His childhood excitement is still there, as he related the lifecycle of the burrowing beetles, but it's distant, more future factual.
It's interlaced, too with a new panel structure, big bordering gutters against black, tall vertical panels where the book's tended to the horizontally sequential. It suggests a series of snapshots, memories perhaps, but more fractured:
What's remembered is monstrous, the beetles are finally horror movie schlock. The vertical feel is almost like drowning - insects and their sounds rising from the bottom of the panels to horrified faces compressed at the tops.
Imagine that - alive for a month or more under the ground, with insect larvae growing inside you.
His tone doesn't judge. Is it horrified, or just showing his amateur-entomologist glee? It doesn't commit.
Why would it - this is his normal now. It's "They way we raise 'em here in Colorado", and nobody in the town bats an eyelid. Chip's a grown man, and only remembers when he catches a flash of something, perhaps on TV, and for all the thin whisper of guilt on the page before, it's still a memory of the first girl he kissed.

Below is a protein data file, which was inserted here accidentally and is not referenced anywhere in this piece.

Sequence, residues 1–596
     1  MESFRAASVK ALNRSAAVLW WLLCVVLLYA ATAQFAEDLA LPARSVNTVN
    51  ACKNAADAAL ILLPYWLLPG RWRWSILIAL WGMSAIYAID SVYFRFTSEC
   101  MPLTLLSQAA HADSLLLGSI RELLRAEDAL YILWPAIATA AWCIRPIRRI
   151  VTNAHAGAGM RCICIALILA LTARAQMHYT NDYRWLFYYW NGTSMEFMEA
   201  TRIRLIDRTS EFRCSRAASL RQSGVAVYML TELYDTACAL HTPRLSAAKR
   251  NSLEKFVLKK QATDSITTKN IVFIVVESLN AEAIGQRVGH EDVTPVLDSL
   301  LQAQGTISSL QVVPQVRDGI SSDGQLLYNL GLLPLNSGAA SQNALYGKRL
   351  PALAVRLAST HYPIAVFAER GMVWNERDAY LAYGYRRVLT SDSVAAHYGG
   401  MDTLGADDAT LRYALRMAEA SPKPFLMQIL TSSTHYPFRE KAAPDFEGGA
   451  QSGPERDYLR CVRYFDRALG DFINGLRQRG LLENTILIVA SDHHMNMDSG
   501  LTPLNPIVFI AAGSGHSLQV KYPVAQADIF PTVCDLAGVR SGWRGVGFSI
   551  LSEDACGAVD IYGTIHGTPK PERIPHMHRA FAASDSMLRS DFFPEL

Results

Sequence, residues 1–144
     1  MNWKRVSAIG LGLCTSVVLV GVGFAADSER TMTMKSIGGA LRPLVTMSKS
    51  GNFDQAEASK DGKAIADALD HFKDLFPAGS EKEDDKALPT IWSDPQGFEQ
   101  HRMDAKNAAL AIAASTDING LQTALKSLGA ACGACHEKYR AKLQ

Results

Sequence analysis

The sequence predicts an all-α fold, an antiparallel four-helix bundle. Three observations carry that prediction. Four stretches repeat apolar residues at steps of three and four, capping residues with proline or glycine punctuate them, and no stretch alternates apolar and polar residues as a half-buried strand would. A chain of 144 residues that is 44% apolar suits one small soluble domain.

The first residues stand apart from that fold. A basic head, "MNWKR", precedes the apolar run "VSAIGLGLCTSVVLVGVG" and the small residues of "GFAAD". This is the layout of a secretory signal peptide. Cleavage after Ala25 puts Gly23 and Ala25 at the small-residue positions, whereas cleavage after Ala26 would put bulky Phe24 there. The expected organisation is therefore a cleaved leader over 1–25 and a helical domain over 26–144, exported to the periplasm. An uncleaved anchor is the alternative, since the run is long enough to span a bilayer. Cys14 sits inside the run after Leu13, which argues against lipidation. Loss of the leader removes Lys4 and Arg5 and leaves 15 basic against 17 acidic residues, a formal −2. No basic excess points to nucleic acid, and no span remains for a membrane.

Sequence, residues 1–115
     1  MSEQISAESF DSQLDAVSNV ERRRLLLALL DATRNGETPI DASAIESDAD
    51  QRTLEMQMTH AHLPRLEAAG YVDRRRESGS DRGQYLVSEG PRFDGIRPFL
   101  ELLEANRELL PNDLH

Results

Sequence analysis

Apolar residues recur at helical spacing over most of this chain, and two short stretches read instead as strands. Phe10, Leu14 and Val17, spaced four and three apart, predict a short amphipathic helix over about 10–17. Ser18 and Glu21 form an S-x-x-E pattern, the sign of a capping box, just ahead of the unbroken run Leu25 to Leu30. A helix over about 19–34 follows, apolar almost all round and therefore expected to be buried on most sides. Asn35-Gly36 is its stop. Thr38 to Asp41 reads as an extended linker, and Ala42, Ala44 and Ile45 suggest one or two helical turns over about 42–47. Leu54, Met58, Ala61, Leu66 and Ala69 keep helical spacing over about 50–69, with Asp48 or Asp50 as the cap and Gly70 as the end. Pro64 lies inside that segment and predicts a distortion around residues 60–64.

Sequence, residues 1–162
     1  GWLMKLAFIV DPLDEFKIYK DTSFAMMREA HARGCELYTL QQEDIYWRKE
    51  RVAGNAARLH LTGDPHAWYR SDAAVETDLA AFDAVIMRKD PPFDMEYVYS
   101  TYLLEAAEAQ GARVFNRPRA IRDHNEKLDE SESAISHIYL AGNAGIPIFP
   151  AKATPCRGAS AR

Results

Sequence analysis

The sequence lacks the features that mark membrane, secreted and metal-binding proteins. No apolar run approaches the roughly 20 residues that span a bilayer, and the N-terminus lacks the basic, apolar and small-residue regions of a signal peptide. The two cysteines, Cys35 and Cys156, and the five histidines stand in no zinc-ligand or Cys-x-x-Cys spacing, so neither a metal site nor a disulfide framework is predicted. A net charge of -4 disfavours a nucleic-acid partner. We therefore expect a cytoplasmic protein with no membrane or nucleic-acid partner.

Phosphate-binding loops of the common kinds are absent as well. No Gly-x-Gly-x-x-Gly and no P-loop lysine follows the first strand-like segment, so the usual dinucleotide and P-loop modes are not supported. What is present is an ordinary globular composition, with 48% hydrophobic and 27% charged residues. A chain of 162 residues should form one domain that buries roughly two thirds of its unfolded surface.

The iconography cribs from southern racism, but the book offers a highly transferrable view inside the machineries of group supremacy, identity policing, and structural power.
This doesn't feel like a period where we have to look far for the horrific becoming ideologically mundane. It's not a great world to be any kind of Other in, and the scope for that getting better seems scant. In playing so neatly with normalization, and with what does and does not seem extraordinary, in rendering it all in this kitschy/pulpy growing-up caper, the print edition of Cowboys and Insects feels timely and urgent.
(We briefly interviewed David Hine about the book at Thought Bubble, and it's on the podcast)